10-year Treasury yield flirts with 0.80% as Pelosi suggests there is still time for pre-election fiscal stimulus deal

“Short term, the market will continue to watch the dynamics in Washington but should be more resigned to no deal before the election,” said Gregory Faranello, head of U.S. rates at AmeriVet Securities.

U.S. Treasury yields rose Tuesday as investors contemplated the prospect of a pre-election fiscal stimulus deal in Washington, after House Speaker Nancy Pelosi suggested there still remained a window for an agreement to be struck.

What are Treasurys doing?

The 10-year Treasury note yield TMUBMUSD10Y, 0.820% climbed 3.6 basis points to 0.796%, its highest close since June 9, while the 2-year note rate TMUBMUSD02Y, 0.149% held steady at 0.145%. The 30-year bond yield TMUBMUSD30Y, 1.628% added 5.6 basis points to 1.603%, highest since June 8.

What’s driving Treasurys?

Stimulus negotiations managed to grab the attention of jaded market participants after House Speaker Nancy Pelosi backed down from her previously imposed deadline of Tuesday for a pre-election deal to be agreed in principle.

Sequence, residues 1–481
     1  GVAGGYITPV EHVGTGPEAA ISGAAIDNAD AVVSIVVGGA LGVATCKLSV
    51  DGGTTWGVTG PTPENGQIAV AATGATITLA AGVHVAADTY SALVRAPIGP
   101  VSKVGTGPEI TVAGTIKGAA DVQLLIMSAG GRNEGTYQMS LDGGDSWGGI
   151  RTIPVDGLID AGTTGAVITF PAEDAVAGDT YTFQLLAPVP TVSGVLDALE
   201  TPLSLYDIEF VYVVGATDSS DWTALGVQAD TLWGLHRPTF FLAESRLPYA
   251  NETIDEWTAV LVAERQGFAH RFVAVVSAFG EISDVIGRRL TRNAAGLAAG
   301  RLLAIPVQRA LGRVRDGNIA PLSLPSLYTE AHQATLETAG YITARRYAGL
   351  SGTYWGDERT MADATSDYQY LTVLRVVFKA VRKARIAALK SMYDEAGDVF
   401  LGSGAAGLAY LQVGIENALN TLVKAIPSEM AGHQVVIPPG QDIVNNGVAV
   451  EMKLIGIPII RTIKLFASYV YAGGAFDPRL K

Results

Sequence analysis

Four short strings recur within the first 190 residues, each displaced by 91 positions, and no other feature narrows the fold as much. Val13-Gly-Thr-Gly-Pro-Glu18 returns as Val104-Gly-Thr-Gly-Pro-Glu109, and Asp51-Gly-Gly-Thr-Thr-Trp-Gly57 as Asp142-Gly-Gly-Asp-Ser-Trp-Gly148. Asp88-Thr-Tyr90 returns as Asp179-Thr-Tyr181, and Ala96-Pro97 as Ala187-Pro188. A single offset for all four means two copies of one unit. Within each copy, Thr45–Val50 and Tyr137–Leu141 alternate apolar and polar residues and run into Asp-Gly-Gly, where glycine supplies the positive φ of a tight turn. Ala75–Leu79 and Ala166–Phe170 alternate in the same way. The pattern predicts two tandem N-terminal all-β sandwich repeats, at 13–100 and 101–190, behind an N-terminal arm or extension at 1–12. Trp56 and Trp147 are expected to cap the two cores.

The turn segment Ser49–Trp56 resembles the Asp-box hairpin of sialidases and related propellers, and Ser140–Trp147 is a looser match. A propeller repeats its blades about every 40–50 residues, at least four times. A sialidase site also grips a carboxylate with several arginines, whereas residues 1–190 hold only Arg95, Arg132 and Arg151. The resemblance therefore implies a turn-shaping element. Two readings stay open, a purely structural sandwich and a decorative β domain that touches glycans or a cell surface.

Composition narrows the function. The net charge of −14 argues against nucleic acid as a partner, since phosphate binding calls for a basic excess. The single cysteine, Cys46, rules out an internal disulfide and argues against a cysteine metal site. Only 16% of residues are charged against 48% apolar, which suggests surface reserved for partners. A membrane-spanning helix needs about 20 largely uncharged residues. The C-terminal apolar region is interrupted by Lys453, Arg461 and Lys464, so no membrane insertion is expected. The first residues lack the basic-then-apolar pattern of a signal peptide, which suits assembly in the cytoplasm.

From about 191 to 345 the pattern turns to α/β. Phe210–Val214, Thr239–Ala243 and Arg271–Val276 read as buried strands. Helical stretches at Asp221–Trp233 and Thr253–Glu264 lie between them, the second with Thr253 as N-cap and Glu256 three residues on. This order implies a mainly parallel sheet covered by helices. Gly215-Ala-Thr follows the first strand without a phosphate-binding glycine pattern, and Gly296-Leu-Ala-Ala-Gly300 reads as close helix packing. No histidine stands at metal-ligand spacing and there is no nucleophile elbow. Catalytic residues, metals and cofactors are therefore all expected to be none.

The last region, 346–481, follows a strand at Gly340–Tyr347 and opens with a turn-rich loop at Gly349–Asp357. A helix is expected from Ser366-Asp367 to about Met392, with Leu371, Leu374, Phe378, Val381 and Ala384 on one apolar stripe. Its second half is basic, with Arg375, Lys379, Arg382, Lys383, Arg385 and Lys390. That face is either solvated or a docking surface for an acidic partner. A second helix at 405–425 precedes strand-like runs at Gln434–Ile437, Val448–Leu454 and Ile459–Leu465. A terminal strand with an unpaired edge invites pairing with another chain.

She said the bill would need to be written before the end of the week if was to get passed by chambers of Congress next week.

Investors are pessimistic on the potential for a pre-election agreement on a coronavirus relief package but are still hoping for a late breakthrough.

In U.S. economic data, housing starts in September increased 1.9% to run at annualized pace of 1.415 million. MarketWatch-polled analysts had penciled in a forecast of 1.450 million.

On Monday, the NAHB home builders’ index hit a record in October as buyers continued to snap up new properties.

As for the Federal Reserve, Chicago Fed President Charles Evans called for lawmakers to pass additional stimulus measures to support the economy, while Fed vice chairman for supervision Randal Quarles said the market turmoil earlier in the year revealed weaknesses in the U.S. financial system.

What did market participants’ say?

“Short term, the market will continue to watch the dynamics in Washington but should be more resigned to no deal before the election,” said Gregory Faranello, head of U.S. rates at AmeriVet Securities.